The extra benefit of choosing xylitol products that you chew.

- Reasons why getting your daily exposure of xylitol from something like chewing gum makes such a great idea.

 

When considering all of the different types of products you might use as a xylitol source, don't overlook chewing gum.

Gum, or more specifically the act of chewing, offers some distinct advantages in regard to cavity prevention.


A) Chewing stimulates the flow of saliva.

Background

When you consume a sugary meal, some of that sugar will become food for the cariogenic (decay-causing) bacteria that live in your mouth. As they digest it, they'll create the acidic waste products that are responsible for causing decay.

It's a well-documented fact that, from the time food is consumed and then over the next twenty minutes or so, the acidity of a person's dental plaque rises significantly. This time period provides a window of opportunity during which tooth demineralization (decay formation) can occur.

Our page How cavities form may help you understand this page better.
 

The benefits of chewing.

Xylitol chewing gum.

Xylitol chewing gum.

Getting your xylitol exposure via chewing gum makes an especially good choice.

The act of chewing gum (anything really) causes your body to produce more saliva. This is important in regard to cavity prevention because saliva has a buffering, neutralizing and diluting effect on the acids that cause cavities.

That means an increase in salivary flow can help to moderate the acidity of dental plaque, hopefully to the point where it is not concentrated enough to allow tooth demineralization to occur.

Implementation

In the case where you can't clean your teeth immediately after eating or drinking sugary foods, going ahead and chewing a piece of xylitol-sweetened gum makes a great idea.

  • You'll increase your flow of saliva at exactly that point when bacterial acid production is at its highest (the twenty minutes right after a snack or meal).
  • You'll get a part of the total xylitol dosing that you need for that day.

Other things that increase salivary flow.

Pretty much anything you put in your mouth will tend to stimulate your flow of saliva. Doing so makes your body think it's about to get a meal. So, in preparation for it, it ramps production up. (Saliva assists in the digestion of food.)

That means xylitol mints, candies and the like could be used in similar fashion as gum. Gum's advantage lies in the fact that it stays in your mouth, and you continue to chew, for such an extended period of time.

Even chewing regular sugarless-gum can provide the same benefit as described on this page, with the exception that it obviously won't deliver a dosing of xylitol.

B) Gum chewing can help to clean teeth.

The act of chewing a piece of gum may help to dislodge dental plaque from a person's teeth. By no means can this type of mechanical cleansing be considered to be as effective as tooth brushing. But this action may play a small role in helping to prevent cavities. The gum should be a sugarless type. Xylitol gum would make an excellent choice.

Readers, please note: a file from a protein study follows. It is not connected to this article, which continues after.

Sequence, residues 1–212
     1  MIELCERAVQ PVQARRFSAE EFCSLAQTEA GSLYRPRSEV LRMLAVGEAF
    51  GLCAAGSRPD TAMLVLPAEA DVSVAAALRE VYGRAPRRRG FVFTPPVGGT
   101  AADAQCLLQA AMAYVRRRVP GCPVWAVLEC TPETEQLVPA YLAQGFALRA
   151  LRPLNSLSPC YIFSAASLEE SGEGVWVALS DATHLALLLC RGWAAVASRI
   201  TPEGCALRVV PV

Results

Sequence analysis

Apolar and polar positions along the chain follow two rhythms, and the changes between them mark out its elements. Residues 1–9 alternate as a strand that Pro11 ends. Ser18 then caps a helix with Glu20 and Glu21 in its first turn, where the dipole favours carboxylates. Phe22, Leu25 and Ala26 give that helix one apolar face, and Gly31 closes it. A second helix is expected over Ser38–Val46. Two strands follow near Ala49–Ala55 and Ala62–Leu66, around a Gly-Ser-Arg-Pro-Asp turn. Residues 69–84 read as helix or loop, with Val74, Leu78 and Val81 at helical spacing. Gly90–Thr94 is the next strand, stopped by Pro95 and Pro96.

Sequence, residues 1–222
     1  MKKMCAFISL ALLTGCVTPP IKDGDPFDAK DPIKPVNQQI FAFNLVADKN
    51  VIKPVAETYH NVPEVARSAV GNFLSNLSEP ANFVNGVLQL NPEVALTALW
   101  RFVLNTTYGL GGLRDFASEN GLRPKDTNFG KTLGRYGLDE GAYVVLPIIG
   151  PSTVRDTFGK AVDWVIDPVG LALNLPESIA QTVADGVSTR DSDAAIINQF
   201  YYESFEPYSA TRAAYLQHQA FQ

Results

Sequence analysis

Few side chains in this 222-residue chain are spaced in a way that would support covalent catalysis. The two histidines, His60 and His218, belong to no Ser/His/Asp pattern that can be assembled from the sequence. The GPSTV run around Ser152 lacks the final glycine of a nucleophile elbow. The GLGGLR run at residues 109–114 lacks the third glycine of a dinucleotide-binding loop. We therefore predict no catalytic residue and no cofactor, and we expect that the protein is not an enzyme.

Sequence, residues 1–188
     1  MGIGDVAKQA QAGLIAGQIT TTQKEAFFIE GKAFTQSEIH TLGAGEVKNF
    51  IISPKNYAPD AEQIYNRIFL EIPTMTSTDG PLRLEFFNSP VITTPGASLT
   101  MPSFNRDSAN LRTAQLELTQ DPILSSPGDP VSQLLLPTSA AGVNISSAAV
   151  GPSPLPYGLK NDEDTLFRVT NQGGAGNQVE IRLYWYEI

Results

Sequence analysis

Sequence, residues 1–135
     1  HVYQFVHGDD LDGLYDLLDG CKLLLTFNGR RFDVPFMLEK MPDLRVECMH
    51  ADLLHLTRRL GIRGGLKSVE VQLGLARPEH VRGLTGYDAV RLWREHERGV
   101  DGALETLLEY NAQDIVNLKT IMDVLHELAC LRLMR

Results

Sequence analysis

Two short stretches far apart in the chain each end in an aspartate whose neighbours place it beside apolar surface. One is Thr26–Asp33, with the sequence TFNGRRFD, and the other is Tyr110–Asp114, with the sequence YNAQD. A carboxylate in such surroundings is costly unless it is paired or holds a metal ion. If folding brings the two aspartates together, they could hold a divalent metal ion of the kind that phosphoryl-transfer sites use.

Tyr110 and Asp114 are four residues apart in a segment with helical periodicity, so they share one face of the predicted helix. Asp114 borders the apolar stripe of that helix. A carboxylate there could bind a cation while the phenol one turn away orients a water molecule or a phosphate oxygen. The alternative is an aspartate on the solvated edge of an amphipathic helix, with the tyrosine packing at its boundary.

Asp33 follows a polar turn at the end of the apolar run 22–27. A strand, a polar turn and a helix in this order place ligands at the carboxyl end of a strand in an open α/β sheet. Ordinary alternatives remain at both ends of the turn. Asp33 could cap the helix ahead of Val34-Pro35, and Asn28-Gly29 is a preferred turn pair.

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Input from site visitors.

preventing cavities

Can swishing and "chewing" xylitol crystals in my mouth several time a day help prevent cavities from forming in muy mouth. Will this take the place of using fluoride rinse?

Right. That seems a good plan

Right. That seems a good plan.

All you need to do is create a xylitol exposure in your mouth (so the bacteria there get a chance to feed on it). So just using xylitol crystals is fine.

Having said that, the advantage of chewing gum is that the xylitol exposure takes place over an extended period of time (while you chew the gum).

So, if using granules, make sure you don't rinse or drink immediately afterward. Let the xylitol linger in your mouth for as long as possible.

And yes, breaking your dosing up into many exposures a day helps to increase the bacteria's exposure to the xylitol too.

In regard to fluoride. Xylitol and fluoride work by different methods and can be used in conjunction with each other.

So, if you want maximum protection, use both. If for some reason you want to avoid fluoride use, xylitol helps to give you some level of protection in its absence. Or, if you already use fluoridated toothpaste and have fluoride in your drinking water, that might be enough exposure (ask your dentist for their opinion) and therefore substituting it with the xylitol approach might be a way of adding protection on a different front.

Xylito gum

Is there a xylitol gum that is most like regular old Winterfresh Gun...mint flavored and not a tough as Spry?

Epic spearmint 100% xylitol gum

From Amazon.com

Jim

Thanks for the input.

Cairn

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